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Heading toward a new criminogenic climate: Climate change, political economy and environmental security

Fussey, P and South, N (2012) 'Heading toward a new criminogenic climate: Climate change, political economy and environmental security.' In: UNSPECIFIED, (ed.) Climate Change from a Criminological Perspective. UNSPECIFIED, 27 - 40. ISBN 9781461436393, 1461436397

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Abstract

© 2012 Springer Science+Business Media New York. All rights are reserved. The coming climate divide will represent a further extension of the inequitable state of the affairs of humanity and the planet, one in which the conditions producing climate change are contributed to most overwhelmingly by the business as usual features of rich consumer societies, but which will impose the greatest costs and resultant miseries on the already poor and newly developing nations. In addition to these international inequalities, such issues will also resonate unevenly in the domestic setting. For example, not only will those with the fewest resources have the greatest difficulties in mediating the impact of climate change and its attendant shocks, but climate change will also stimulate a number of deeply criminogenic forces. Together, such interconnectivity between the global and local suggests that approaches to sustainability and resilience need to be broadly conceived in both scope and application and need to be genuinely transformative rather than operating within current ambitions for business as usual. Moreover, the magnitude of these issues underlines the importance of formulating an approach to sustainability and resilience that genuinely embeds the green of environmental concerns within the blue of security policy.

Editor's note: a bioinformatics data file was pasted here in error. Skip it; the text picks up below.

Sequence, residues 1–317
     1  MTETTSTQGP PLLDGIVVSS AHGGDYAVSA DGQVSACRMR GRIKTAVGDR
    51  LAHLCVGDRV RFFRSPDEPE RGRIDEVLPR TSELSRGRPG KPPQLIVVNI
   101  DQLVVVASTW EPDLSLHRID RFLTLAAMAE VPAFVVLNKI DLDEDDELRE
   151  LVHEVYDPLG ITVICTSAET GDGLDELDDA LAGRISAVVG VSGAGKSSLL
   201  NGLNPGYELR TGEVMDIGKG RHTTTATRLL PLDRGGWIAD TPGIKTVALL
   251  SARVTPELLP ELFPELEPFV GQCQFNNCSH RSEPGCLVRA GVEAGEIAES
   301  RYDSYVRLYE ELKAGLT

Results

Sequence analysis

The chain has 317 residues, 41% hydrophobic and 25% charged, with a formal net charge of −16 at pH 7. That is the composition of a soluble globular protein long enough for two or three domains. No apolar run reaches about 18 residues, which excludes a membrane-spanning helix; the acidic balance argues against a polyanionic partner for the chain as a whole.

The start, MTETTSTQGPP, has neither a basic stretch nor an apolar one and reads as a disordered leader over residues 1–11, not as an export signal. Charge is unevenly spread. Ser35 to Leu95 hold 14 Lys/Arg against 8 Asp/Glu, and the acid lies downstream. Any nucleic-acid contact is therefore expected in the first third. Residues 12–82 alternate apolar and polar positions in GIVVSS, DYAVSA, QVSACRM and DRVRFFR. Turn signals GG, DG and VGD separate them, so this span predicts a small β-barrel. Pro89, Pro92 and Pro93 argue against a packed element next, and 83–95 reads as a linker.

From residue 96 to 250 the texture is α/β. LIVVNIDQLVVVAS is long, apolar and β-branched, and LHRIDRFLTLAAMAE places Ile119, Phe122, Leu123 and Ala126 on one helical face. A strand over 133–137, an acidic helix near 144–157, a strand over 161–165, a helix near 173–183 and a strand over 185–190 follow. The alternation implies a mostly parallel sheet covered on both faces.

Item Type: Book Section
Subjects: G Geography. Anthropology. Recreation > GE Environmental Sciences
H Social Sciences > H Social Sciences (General)
Divisions: Faculty of Social Sciences > Sociology, Department of
Depositing User: Jim Jamieson
Date Deposited: 19 Dec 2012 15:00
Last Modified: 23 Oct 2019 10:18
URI: http://repository.essex.ac.uk/id/eprint/4840

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